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Laboratory 02 The Discovery of Chemical Change Through the Chemistry of Copper PowerPoint Presentation
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Laboratory 02 The Discovery of Chemical Change Through the Chemistry of Copper. Objectives. Observe chemical changes through a series of chemical reactions. Learn simple mass and volume measuring techniques. Understand and use the law of conservation mass.

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Presentation Transcript
slide1

Laboratory 02

The Discovery of Chemical Change Through

the Chemistry of Copper

slide2

Objectives

  • Observe chemical changes through a series of chemical
  • reactions.
  • Learn simple mass and volume measuring techniques.
  • Understand and use the law of conservation mass.
  • Learn the proper techniques for the handling and disposal of
  • chemicals
slide3

Law of conservation mass

Law of conservation of mass is a relation stating that in a chemical reaction, the mass of the products equals the mass of the reactants.

http://www.youtube.com/watch?v=dExpJAECSL8

slide4

Copper

  • Chemical element with the symbol Cu
  • Atomic number 29
  • Good electrical and thermal conductor
  • Pure copper is soft and malleable
  • An exposed surface has a reddish-orange tarnish
  • It is used as a conductor of heat and electricity,
  • a building material, and a constituent of various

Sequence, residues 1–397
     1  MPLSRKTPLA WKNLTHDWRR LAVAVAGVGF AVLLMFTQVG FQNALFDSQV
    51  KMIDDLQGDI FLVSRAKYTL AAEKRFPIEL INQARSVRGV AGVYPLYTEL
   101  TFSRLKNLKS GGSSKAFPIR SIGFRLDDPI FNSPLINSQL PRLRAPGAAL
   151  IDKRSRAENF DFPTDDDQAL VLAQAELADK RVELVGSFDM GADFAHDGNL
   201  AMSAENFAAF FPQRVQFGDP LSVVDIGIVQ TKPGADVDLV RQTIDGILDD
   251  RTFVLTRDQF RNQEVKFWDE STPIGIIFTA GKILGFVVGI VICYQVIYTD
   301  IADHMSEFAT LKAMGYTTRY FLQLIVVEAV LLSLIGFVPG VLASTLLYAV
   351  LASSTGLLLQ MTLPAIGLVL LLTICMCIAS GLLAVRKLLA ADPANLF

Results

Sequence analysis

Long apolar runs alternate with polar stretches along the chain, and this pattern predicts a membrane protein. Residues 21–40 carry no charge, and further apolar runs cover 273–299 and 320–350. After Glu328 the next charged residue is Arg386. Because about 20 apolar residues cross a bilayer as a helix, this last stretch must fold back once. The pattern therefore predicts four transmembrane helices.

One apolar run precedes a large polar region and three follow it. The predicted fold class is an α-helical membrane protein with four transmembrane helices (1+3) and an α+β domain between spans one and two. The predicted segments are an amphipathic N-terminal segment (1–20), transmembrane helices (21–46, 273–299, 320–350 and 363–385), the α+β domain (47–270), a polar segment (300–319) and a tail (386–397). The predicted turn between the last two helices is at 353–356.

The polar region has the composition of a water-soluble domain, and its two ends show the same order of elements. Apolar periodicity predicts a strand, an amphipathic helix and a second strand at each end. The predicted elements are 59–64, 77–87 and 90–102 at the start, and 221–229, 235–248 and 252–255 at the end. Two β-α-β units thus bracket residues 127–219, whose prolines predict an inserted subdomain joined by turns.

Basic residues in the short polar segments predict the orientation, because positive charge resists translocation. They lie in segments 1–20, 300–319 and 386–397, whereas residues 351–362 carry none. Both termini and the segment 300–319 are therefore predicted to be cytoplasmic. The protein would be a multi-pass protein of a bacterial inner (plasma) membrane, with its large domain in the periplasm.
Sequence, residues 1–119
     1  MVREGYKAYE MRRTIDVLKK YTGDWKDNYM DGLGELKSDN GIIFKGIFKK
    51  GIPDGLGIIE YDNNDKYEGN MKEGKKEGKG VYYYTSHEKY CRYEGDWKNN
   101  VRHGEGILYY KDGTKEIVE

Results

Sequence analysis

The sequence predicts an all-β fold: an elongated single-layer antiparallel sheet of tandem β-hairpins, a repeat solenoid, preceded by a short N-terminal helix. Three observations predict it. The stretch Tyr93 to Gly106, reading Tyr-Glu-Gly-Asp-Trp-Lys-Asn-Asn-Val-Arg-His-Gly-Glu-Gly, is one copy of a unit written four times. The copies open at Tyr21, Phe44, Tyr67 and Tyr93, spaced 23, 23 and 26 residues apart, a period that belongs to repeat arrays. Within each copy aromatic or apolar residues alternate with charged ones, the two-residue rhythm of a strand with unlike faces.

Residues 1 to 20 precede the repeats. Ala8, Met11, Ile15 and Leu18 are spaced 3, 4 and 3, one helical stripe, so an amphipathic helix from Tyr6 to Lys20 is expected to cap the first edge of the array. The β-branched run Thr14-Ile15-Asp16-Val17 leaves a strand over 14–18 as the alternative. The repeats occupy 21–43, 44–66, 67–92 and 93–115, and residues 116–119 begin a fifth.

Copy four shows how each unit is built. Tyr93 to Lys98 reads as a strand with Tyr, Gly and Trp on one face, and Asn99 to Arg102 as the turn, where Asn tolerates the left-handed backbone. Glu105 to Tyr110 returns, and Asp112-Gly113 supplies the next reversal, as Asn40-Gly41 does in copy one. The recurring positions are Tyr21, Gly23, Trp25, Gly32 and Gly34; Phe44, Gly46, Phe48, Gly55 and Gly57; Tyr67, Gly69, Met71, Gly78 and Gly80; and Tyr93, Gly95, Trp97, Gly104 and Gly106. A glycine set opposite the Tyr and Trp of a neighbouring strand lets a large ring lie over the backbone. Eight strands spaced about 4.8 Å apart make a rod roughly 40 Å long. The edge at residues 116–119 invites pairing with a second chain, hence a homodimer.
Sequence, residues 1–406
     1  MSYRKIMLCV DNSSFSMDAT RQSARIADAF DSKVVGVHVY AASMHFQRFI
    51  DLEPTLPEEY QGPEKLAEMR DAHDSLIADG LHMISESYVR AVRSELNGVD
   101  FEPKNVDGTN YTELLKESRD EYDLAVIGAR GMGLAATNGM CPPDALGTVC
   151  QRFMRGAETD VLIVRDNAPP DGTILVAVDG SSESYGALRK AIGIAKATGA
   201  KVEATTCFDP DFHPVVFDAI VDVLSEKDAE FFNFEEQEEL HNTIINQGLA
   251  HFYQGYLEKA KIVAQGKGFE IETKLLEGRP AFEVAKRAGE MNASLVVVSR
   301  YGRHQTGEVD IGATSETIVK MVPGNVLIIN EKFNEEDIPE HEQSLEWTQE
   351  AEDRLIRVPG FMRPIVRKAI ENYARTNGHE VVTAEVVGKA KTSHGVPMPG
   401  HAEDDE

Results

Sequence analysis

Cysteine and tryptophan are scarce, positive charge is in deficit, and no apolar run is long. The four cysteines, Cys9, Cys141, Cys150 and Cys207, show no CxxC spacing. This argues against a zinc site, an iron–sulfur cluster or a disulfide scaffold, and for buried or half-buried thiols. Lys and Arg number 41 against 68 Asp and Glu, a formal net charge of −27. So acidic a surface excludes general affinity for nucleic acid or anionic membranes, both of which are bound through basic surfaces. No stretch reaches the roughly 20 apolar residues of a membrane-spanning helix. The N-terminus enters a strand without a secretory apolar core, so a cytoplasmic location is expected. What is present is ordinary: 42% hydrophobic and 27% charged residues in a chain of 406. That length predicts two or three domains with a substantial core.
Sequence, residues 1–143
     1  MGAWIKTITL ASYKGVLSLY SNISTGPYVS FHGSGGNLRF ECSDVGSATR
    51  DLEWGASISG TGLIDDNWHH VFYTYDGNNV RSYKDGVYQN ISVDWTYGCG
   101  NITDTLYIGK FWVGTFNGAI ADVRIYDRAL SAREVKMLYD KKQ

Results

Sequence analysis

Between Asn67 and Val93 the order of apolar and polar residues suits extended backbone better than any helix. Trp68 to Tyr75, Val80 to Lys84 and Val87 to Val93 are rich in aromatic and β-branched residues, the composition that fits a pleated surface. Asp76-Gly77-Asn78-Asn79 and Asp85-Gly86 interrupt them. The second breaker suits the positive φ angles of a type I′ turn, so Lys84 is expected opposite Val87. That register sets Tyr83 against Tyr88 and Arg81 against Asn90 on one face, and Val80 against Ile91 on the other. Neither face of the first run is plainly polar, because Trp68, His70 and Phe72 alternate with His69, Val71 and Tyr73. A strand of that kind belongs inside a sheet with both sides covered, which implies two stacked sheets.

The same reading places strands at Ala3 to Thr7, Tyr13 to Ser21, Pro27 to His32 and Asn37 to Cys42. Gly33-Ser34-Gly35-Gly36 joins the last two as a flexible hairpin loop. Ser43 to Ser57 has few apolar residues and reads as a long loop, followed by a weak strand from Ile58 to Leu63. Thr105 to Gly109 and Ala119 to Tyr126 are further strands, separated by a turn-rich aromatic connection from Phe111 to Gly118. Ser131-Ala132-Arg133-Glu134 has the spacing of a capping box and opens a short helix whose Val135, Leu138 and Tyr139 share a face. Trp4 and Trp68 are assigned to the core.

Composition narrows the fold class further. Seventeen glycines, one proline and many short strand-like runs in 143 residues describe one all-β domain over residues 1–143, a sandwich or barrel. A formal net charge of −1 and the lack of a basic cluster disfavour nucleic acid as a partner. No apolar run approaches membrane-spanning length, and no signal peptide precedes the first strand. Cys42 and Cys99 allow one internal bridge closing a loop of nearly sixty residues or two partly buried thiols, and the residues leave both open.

• metal alloys
slide5

Copper is an essential element for plants and animal, through not in metallic form but as copper (II) ions.

Copper (II) salts contain the copper atoms in an ionized or charged form and are typically blue to green in color.

slide6

The copper cycle

1

5

2

4

3

The cycle of copper reactions to be performed in this experiment

slide7

Reaction 1: Oxidation of metallic copper with nitric acid (HNO3)

Cu(s) + 4HNO3(aq) Cu(NO3)2(aq) + 2NO2(g) + 2 H2O(l)

Oxidation

A common form of chemical reaction which is the combining of oxygen with various

elements and compounds.

Example:

The corrosion of metals is a form of oxidation, rust on iron for example is iron oxide.

Safety Issue: NO2 which is generated during this experiment is very dangerous. ADD NITRIC ACID IN A HOOD!Do not walk around the room with a flask that is evolving brown NO2 gases!

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Reaction 2: Converting copper nitrate to copper hydroxide

Cu(NO3)2(aq) + 2NaOH(aq) Cu(OH)2(s) + 2NaNO3(aq)

slide9

Reaction 3: Converting copper hydroxide to copper oxide

Cu(OH)2(s) + heat CuO(s) + H2O(l)

Dehydration involves the loss of water

slide10

Reaction 4: Converting copper oxide to copper sulfate

CuO(s) + H2SO4(aq) CuSO4(aq) + H2O(l)

Most metal oxides are basic oxide and react with acids to form salts and water: metal oxide + acid --> salt + water.

slide11

Reaction 5: Converting copper sulfate back to copper metal

CuSO4(aq) + Zn(s) ZnSO4(aq) + Cu(s)

  • Add dilute hydrochloric acid (HCl) and stir to dissolve any excess zinc.

Hydrogen gas is highly flammable and will burn in air at a very wide range of concentrations between 4% and 75% by volume.

Zn(s) + HCl (aq) ZnCl(aq) + H2(g)

  • After this point the solid, pure copper can be isolated, dried and weighed.

http://en.wikipedia.org/wiki/Hydrogen

slide12

Weigh and calculate the mass of copper recovered and your percent yield using the following equation:

slide13

Safety Notes

· Wear safety glasses at ALL TIMES.

You will be using nitric, sulfuric and hydrochloric acids as well

as sodium hydroxide all are damaging to skin, clothing and

especially your eyes.

· Perform Reaction 1 in a fume hood. Toxic NO2 is produced.

· Hydrogen gas is evolved in Reaction 5.

Keep your apparatus away from open flames.